By Tunde Oguntola, Abuja
President Muhammadu Buhari has disclosed that over 12.2 million farmers have joined the rice and wheat revolution, as the country moves close to achieving self-sufficiency in grains production.
The President also declared the current administration’s Anchors Borrowers’ Programme a huge success.
Speaking at the 25th edition of the Nigeria Media Merit Award (NMMA) Ceremony in Lagos on Wednesday the President, who was represented by the Minister of Information and Culture, Alhaji Lai Mohammed, said the success of the agriculture revolution has turned thousands of rice farmers into millionaires and drastically reduced rice import.
‘’Apart from the successes we have achieved in tackling insecurity and fighting corruption, perhaps our most remarkable progress has been in the area of agriculture. Quietly but steadily, our agriculture revolution is bearing fruits.
‘’According to the Rice Exporters of Thailand, rice imports from Thailand fell from 644,131 tons in Sept 2015 to 20,000 tons in Sept. 2017, representing a 95 per cent drop,’’ President Buhari said, noting that self-sufficiency in rice is so important because it is the most widely consumed staple in Nigeria, and also because Nigeria’s daily expenditure on rice for over three decades stood at $5 million a day.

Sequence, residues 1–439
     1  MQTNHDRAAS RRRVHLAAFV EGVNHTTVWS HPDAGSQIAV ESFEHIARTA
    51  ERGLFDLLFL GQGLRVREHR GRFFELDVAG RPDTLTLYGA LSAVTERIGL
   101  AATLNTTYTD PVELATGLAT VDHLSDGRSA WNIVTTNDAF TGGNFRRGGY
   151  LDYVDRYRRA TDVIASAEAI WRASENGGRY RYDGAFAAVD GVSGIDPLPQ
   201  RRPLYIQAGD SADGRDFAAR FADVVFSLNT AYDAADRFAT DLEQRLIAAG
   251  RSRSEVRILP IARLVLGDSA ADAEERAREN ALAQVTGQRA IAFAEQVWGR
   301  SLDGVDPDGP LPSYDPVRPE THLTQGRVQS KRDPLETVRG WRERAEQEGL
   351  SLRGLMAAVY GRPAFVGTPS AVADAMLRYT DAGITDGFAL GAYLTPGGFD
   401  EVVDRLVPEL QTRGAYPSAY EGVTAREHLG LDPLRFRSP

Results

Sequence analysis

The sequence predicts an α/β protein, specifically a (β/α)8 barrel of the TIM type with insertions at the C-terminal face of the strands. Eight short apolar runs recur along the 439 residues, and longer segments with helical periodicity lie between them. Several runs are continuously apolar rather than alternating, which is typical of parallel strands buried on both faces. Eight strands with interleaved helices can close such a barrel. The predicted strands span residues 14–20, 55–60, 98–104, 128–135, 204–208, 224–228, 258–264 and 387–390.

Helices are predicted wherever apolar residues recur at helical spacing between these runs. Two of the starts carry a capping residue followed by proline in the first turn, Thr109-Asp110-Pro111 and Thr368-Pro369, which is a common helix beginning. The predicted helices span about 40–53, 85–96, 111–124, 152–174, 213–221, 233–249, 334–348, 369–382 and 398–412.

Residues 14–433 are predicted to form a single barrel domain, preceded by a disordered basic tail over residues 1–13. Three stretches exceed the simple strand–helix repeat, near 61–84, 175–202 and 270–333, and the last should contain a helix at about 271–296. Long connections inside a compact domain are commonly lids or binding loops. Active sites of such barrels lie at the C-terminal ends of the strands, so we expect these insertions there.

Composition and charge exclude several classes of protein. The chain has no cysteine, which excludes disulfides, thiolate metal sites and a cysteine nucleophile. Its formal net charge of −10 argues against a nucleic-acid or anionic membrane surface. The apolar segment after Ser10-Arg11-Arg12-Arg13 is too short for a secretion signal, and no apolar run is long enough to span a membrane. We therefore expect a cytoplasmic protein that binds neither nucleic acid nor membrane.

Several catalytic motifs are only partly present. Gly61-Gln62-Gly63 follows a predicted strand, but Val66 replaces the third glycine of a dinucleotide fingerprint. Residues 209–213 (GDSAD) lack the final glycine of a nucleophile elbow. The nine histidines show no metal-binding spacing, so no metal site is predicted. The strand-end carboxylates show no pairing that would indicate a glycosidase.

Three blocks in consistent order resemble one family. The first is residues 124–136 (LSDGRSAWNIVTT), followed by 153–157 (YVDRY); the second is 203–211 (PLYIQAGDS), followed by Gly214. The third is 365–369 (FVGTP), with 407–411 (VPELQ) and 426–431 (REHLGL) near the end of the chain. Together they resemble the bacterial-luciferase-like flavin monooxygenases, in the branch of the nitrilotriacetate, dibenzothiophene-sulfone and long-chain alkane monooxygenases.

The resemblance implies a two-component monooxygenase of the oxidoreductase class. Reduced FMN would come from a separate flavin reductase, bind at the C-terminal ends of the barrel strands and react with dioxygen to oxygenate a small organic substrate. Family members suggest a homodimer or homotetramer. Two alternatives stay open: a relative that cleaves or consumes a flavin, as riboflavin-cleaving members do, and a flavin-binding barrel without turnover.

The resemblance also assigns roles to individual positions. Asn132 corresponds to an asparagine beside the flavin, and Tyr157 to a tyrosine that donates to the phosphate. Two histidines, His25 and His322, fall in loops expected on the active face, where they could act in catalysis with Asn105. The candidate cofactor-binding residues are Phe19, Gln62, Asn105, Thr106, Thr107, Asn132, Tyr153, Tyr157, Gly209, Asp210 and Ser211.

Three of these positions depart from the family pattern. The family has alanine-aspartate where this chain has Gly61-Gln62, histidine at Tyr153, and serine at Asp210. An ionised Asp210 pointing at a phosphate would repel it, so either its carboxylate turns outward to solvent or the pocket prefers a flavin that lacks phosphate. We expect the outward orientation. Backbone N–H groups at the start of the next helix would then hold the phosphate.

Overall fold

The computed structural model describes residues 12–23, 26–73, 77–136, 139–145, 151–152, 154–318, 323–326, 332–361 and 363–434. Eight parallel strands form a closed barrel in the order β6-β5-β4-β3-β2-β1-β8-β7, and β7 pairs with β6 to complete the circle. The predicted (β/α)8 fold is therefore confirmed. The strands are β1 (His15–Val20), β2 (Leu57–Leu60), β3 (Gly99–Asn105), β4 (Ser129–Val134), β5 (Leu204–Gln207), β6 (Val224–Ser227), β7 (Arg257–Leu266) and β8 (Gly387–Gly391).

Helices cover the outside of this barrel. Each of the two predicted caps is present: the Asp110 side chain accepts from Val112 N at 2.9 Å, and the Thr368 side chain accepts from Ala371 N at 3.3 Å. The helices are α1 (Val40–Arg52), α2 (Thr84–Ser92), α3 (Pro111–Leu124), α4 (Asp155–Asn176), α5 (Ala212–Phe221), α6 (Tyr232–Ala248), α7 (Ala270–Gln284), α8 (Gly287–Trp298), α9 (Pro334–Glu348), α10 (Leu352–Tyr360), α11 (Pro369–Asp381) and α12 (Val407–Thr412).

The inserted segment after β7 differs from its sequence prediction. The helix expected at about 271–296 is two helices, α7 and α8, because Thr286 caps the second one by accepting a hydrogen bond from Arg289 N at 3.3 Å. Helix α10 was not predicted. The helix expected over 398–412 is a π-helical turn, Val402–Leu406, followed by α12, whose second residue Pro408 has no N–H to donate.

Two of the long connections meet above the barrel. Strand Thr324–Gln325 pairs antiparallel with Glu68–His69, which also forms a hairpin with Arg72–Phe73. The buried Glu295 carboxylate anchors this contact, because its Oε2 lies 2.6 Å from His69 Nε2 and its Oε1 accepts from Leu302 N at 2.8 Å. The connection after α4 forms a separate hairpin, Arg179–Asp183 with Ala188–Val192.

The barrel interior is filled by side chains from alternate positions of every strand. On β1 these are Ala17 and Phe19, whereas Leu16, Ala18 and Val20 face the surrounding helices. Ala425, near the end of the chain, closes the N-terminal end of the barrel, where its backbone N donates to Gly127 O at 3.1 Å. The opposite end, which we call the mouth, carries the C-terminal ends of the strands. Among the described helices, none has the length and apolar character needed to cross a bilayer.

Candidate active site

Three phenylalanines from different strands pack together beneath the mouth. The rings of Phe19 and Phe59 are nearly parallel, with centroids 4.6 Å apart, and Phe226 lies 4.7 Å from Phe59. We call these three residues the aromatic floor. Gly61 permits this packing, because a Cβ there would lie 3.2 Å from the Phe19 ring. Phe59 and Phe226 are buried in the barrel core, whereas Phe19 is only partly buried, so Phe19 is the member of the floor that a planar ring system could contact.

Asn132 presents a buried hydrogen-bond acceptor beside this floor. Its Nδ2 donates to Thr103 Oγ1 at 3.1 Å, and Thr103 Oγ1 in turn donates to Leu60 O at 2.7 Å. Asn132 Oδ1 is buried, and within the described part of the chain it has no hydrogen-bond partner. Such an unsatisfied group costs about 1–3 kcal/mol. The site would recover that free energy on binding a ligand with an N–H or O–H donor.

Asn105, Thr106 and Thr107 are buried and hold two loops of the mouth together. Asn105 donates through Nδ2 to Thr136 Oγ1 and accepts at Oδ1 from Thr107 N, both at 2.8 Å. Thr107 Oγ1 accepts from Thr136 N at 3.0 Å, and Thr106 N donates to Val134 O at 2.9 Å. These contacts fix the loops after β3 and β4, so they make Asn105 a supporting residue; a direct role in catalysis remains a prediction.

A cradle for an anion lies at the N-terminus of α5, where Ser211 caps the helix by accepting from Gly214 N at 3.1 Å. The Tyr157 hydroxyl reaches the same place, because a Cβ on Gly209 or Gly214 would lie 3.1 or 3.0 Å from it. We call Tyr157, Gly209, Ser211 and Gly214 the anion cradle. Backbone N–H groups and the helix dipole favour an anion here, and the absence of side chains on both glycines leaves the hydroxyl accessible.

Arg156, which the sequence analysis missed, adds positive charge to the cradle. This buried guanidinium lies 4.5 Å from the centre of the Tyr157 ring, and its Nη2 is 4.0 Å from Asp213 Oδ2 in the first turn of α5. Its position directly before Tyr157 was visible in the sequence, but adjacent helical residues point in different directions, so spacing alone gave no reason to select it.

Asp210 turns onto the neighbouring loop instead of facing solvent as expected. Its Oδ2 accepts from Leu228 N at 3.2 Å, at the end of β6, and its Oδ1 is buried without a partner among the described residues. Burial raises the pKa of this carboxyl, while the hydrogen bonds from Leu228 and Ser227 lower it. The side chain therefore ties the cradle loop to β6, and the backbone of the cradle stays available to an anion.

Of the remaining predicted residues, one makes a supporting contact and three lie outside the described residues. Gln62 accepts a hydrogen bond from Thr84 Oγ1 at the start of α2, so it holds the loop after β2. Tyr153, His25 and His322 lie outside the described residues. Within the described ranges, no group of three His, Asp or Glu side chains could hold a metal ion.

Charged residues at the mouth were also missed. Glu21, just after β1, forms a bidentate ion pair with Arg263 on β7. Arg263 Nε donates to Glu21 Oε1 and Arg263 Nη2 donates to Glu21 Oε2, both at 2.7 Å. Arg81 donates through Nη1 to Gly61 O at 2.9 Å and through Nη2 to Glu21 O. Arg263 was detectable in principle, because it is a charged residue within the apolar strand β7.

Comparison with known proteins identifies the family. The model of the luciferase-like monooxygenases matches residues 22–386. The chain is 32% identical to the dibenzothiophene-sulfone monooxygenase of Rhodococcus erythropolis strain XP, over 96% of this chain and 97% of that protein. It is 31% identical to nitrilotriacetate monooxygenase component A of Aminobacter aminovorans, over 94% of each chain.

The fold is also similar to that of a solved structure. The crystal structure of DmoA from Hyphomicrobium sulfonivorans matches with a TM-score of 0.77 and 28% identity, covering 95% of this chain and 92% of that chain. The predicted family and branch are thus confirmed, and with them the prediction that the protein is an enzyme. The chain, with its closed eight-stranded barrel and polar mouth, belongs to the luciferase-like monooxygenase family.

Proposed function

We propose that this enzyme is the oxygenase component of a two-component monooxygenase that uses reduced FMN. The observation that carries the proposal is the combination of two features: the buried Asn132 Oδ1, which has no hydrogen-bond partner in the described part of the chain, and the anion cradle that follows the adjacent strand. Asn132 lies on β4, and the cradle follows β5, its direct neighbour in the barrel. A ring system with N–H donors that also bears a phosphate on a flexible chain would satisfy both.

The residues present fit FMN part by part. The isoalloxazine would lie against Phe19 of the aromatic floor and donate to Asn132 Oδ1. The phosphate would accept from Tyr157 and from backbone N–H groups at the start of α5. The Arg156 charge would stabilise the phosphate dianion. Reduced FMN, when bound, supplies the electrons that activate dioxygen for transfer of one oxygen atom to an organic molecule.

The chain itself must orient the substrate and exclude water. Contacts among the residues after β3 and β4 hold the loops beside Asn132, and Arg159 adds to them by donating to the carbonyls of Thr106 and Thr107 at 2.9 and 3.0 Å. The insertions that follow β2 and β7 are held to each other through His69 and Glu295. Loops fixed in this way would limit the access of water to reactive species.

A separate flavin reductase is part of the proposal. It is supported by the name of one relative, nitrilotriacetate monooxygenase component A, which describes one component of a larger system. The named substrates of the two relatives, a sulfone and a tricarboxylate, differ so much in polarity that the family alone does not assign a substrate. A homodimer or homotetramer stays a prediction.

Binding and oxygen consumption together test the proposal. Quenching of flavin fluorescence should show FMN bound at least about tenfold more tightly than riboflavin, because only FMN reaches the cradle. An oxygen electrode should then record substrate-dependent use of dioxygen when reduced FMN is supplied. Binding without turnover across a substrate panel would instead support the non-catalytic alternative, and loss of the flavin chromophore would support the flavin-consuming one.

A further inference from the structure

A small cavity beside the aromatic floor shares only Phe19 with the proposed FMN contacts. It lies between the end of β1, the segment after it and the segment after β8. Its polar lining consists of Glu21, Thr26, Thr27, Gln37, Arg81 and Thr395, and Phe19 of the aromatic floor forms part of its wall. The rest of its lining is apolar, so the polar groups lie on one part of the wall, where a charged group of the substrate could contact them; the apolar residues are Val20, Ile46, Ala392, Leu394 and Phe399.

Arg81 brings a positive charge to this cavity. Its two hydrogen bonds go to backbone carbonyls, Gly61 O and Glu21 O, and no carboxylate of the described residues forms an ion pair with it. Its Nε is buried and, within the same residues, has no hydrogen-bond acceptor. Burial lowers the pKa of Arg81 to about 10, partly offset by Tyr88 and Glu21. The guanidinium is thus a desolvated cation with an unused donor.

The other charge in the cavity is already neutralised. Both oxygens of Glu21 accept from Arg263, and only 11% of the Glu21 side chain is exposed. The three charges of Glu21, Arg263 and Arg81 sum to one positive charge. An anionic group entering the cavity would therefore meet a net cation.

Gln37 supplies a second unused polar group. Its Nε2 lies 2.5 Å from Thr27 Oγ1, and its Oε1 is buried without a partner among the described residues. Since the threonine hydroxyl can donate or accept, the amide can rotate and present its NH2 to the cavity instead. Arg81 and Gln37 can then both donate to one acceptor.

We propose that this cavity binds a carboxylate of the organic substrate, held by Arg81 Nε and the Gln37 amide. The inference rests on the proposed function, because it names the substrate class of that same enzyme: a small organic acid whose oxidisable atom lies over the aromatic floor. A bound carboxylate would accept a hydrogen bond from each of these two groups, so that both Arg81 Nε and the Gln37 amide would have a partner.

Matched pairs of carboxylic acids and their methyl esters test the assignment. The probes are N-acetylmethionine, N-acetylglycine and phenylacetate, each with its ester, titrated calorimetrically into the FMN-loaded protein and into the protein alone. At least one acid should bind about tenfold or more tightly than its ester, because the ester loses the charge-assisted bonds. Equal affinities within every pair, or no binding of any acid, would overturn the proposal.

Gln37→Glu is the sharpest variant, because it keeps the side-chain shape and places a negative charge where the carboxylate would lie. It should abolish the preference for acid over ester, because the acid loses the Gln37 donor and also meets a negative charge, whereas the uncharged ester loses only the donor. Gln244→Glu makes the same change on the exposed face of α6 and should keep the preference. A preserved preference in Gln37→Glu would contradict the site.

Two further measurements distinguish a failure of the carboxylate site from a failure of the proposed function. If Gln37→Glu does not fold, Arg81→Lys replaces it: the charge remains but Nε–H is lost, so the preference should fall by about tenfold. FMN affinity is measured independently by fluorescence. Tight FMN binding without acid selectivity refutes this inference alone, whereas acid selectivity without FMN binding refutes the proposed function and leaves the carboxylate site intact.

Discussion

He said Nigeria is also doing well in Millet, Sorghum and Maize cultivation, adding: ‘’We are now the second largest producer of sorghum after the US, the third in millet after India and our breweries are now enjoying local sourcing of those commodities. For maize, we are producing 10 million tons while we need about 13 million tons for both human and animal nutrition.’’
The President said Nigeria leads the world in the yam and cassava production and that efforts are being made to restore and improve on the country’s ranking in cocoa production, where it has fallen from 2nd to 7th position.
‘’We are also investing in a new line of tree crops targeting local and foreign end users and certain to earn foreign exchange. These are shea butter, palm trees, coconut, mangoes, bananas and plantains, kenaf and sisal hemp, castor and pineapple, among others. Overall, our ambition is that agriculture should rise from 25 per cent to 40 per cent of GDP so that we can banish poverty and overcome our economic anxiety,’’ he said.